In Hungary, August 20 is a national holiday: St. Stephen’s Day. Similar to the USA’s Independence Day, St. Stephen’s Day celebrates the founding of the Hungarian state. There are festivities throughout the day and fireworks over the Danube at night.
I skipped the parade with St. Stephen’s mummified right hand. Instead, I focused on the food.
Every year, there’s a competition for the official birthday cake of Hungary. This year’s winner was Milotai Honey Brittle Torte—honey and praline cream between thin, crunchy layers of walnut brittle. Milota is a village in the northeastern corner of Hungary. Sometimes you’ll see different villages mentioned on menu items to indicate the dish is in a certain style. I don’t ever know the villages, so it doesn’t give me a clue as to what the style is, but I understand the approach. To me, it’s similar to the source labeling happening more and more on menus in the States.
The birthday cake was sold as part of the Street of Hungarian Flavours, one of my favorite things about the day. In addition to trying the official birthday cake (okay, but not my favorite—give me something with chocolate!), there were all kinds of robust options and delicacies offered. To say most of the things were foreign to me sounds like a bad pun. And my dinky Hungarian language book wasn’t helping with many translations, so I stopped trying. I tend to have a cautious approach to food (although that is changing now that I’m here), so I decided to have some grilled vegetables. Even so, I loved the sights, sounds, and smells of the street.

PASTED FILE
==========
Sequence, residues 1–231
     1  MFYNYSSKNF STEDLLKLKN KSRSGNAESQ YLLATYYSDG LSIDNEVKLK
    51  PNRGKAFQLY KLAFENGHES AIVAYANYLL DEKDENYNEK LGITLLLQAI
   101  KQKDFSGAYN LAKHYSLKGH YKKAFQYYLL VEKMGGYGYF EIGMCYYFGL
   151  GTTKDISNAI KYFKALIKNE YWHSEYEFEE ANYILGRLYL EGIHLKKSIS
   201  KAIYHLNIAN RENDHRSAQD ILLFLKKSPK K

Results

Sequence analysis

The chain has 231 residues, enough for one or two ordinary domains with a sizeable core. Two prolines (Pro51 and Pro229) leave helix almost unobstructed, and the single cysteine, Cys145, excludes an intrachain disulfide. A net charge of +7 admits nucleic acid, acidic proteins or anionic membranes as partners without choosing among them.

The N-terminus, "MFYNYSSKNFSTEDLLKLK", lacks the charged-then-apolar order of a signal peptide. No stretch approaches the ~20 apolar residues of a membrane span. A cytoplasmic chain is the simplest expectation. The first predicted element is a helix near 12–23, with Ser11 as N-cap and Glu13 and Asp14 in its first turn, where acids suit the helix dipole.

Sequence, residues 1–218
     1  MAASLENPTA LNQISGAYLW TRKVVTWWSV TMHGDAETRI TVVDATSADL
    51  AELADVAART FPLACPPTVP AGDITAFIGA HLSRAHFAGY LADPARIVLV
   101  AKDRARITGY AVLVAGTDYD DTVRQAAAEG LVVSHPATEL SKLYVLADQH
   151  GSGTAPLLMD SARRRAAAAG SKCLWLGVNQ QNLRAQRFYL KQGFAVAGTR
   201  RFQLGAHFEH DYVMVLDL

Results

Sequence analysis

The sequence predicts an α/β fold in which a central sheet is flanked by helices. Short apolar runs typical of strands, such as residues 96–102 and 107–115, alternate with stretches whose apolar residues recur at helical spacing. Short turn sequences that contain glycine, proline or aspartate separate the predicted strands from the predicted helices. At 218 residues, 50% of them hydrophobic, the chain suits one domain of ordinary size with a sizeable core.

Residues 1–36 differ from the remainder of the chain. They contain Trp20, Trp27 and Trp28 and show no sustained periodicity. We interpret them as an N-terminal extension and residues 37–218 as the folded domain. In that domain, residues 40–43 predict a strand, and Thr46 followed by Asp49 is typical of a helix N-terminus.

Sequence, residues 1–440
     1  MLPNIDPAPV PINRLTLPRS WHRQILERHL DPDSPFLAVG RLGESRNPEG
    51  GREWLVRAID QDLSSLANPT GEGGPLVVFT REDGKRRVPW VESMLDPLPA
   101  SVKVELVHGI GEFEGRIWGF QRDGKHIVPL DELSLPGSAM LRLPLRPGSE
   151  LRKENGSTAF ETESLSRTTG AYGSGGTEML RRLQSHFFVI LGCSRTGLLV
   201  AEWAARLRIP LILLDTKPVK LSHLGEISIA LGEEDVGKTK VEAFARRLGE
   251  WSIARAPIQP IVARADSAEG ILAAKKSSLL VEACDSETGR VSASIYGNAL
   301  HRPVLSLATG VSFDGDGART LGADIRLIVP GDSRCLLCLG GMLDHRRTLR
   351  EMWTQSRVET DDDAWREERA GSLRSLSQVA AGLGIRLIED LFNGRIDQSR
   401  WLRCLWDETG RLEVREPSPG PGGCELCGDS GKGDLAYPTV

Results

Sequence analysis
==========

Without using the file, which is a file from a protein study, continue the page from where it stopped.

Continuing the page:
In the evening, I met a colleague, Ilona, for a glass of wine at one of my favorite wine bars, Kadarka. Kadarka is also a Hungarian grape. Afterwards, we strolled around the city and found a viewing place for the fireworks.
After 9:00 pm, we were treated to a fireworks display over the Danube with the castle, Fishermen’s Bastion, Matthias Church, and other beautiful buildings dramatically lit in the background.